Indiana Jones and the Kingdom of the Crystal Skull

Harrison Ford comes to life in Indiana Jones and The Kingdom of the Crystal Skull. (© 2008 Lucasfilm Ltd. All rights reserved.)

Like most people my age (mid-20s), as a kid I loved—loved—the Indiana Jones trilogy. Seeing The Last Crusade in the theaters was one of my first truly sublime memories. I loved those movies so much that for years I actually thought I wanted to be an archaeologist—until I went on an archaeological dig in the Iowa countryside in 100 degree weather looking for dinosaur fingernails among pig manure. So when the news came that Spielberg, Lucas, and Ford were finally making a third installment, I was thrilled. Of course, it wouldn’t be as good as the peerless Raiders of the Lost Ark or the wonderful Last Crusade, but maybe it would be as good or better as corny, über-dark, and weirdly racist Temple of Doom. And as it turns out, I’m right. Crystal Skull is not as good as the first or the third, but it has some of the same loopy, B-movie charm of the second. Hell, there’s aliens and psychic Russians and A-bomb explosions!

The film begins with a nifty set piece harkening back to the huge warehouse of talismans and artifacts from Raiders. Jones, along with sidekick Mac (Ray Winstone), are kidnapped by Soviets and forced at gunpoint to lead them to a highly magnetized alien tomb; from there we get a jet-pack rail ride before Jones has to figure out how to survive a nuclear test bombing in an eerie fake town. This is all just a preamble to Jones’s jaunt with Mutt Williams (Shia Labeouf), a greaser complete with switchblade and motorcycle, down to the jungles of Peru.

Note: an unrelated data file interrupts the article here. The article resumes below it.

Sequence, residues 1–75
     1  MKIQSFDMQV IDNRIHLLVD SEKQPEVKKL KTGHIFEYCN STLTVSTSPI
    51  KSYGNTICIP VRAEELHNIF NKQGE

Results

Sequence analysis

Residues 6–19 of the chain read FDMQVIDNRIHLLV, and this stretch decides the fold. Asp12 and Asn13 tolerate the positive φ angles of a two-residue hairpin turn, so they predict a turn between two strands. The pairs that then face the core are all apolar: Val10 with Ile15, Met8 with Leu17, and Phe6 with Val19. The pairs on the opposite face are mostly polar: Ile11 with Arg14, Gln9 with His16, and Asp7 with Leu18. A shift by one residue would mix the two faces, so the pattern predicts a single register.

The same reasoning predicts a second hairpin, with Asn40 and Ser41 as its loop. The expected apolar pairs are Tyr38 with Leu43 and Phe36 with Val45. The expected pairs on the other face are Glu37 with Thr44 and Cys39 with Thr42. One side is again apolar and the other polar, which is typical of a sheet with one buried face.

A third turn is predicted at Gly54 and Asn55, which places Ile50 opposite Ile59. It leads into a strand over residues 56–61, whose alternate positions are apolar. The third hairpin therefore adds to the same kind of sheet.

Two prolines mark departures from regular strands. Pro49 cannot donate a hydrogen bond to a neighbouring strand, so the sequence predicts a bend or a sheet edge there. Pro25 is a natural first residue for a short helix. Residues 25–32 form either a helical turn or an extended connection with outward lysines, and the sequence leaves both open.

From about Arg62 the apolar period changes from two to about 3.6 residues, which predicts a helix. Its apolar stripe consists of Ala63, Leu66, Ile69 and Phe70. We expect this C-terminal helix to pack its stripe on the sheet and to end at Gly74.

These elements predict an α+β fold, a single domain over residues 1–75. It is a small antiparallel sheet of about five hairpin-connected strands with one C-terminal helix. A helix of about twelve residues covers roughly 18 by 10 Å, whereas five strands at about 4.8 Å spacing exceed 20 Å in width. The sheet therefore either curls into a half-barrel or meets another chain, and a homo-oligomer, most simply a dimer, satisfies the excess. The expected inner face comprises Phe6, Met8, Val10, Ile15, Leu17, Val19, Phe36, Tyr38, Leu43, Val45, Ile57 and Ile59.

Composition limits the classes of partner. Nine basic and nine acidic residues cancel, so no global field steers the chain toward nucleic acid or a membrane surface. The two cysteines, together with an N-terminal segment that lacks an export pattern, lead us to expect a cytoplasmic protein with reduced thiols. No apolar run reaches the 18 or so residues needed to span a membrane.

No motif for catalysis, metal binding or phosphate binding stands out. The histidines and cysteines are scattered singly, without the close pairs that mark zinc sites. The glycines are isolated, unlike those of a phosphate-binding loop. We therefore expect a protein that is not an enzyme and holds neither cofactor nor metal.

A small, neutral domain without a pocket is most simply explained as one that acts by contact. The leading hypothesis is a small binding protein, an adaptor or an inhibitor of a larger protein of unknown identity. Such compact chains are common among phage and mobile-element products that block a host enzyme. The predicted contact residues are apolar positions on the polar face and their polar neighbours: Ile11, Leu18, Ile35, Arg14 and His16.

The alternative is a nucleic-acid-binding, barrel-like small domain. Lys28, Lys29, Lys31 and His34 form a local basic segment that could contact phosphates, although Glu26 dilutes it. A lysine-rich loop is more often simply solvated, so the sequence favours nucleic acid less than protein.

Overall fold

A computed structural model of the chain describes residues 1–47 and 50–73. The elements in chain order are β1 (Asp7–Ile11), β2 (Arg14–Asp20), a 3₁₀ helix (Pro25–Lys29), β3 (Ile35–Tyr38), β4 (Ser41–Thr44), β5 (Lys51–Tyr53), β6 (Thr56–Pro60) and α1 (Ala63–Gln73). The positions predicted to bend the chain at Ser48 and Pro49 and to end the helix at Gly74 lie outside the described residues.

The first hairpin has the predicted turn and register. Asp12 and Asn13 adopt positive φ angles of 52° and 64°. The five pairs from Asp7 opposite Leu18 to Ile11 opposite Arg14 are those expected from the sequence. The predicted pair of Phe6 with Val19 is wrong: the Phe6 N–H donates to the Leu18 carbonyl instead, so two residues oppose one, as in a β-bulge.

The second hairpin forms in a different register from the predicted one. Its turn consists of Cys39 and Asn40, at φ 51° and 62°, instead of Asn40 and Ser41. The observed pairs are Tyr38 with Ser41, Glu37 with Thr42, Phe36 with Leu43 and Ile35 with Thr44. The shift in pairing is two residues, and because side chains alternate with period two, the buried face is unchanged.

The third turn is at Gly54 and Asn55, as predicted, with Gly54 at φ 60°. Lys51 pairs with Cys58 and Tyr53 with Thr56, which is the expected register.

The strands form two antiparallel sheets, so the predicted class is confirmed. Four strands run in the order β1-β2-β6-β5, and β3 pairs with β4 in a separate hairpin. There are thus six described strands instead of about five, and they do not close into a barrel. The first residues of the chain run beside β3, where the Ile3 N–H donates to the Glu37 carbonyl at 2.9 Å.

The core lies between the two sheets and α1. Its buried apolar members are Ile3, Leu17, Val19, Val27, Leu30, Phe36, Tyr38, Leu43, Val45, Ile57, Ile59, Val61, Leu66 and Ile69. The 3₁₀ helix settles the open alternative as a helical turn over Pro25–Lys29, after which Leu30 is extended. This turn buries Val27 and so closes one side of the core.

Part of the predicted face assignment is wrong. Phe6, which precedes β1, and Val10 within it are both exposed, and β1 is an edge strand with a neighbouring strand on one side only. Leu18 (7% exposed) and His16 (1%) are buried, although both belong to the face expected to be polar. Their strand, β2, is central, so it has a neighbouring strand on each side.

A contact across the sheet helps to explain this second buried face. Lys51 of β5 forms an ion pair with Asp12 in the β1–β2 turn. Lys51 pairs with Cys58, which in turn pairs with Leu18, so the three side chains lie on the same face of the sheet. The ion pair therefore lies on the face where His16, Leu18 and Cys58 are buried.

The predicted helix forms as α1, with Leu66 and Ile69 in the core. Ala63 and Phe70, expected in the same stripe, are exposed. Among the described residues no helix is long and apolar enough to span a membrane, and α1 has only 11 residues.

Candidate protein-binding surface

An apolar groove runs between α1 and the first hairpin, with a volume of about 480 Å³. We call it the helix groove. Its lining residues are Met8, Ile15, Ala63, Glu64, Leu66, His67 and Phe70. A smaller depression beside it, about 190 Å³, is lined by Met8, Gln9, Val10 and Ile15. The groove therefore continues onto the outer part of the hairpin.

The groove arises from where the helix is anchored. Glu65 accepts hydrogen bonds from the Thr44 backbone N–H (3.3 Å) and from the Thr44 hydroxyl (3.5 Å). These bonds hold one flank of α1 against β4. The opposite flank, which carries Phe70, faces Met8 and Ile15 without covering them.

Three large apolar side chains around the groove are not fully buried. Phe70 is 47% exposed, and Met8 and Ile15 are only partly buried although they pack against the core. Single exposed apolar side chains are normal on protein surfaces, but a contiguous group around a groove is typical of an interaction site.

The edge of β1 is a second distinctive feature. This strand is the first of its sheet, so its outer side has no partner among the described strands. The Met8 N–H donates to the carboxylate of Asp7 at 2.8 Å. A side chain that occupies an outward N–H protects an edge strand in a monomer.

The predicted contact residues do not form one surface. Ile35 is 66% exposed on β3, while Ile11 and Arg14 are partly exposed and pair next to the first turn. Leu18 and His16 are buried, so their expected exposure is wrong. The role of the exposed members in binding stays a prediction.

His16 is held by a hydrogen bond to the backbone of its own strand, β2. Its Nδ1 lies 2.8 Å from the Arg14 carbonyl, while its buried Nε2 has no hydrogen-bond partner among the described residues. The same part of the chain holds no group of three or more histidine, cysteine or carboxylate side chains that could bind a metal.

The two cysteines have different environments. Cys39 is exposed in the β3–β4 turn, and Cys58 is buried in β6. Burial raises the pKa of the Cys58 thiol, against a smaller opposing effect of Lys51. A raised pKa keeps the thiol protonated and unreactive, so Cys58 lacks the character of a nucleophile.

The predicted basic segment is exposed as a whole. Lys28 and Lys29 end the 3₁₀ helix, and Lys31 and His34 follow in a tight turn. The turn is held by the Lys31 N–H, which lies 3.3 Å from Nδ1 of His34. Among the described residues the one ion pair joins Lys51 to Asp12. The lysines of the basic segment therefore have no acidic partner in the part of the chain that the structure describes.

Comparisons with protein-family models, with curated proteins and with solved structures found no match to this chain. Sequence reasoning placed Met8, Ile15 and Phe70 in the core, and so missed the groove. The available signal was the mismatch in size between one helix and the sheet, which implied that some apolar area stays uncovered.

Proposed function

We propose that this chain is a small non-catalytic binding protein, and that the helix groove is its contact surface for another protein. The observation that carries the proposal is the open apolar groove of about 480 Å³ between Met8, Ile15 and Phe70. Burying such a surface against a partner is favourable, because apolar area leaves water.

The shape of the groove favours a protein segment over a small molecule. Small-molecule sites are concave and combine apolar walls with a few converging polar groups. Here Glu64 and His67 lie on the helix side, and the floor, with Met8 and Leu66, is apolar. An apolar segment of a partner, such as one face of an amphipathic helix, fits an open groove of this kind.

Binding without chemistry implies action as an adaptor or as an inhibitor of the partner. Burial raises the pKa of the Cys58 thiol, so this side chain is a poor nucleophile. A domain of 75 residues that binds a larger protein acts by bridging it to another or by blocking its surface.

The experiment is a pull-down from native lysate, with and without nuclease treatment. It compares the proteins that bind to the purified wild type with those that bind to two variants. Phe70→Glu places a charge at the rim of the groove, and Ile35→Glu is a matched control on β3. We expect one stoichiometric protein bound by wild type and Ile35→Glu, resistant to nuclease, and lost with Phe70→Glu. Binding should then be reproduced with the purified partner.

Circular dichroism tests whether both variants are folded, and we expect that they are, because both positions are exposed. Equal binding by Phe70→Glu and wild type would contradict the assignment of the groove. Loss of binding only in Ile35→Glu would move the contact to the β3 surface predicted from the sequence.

The plot, like the previous three, is a pulp amalgam of Saturday serials and thus more of a conduit for the next action sequence than a serious narrative. Which is fine—the action is spectacular, witty, and simultaneously humorous and thrilling. It’s nice to see Harrison Ford back among the living. After more than a decade of mumbling and lurching, Ford seems vital and charismatic again.

The biggest clunker in the film is the script—it can never raise itself above being slightly creaky and strained. But nevertheless, it’s a fun ride and, in all honesty, I hope they make another one. B

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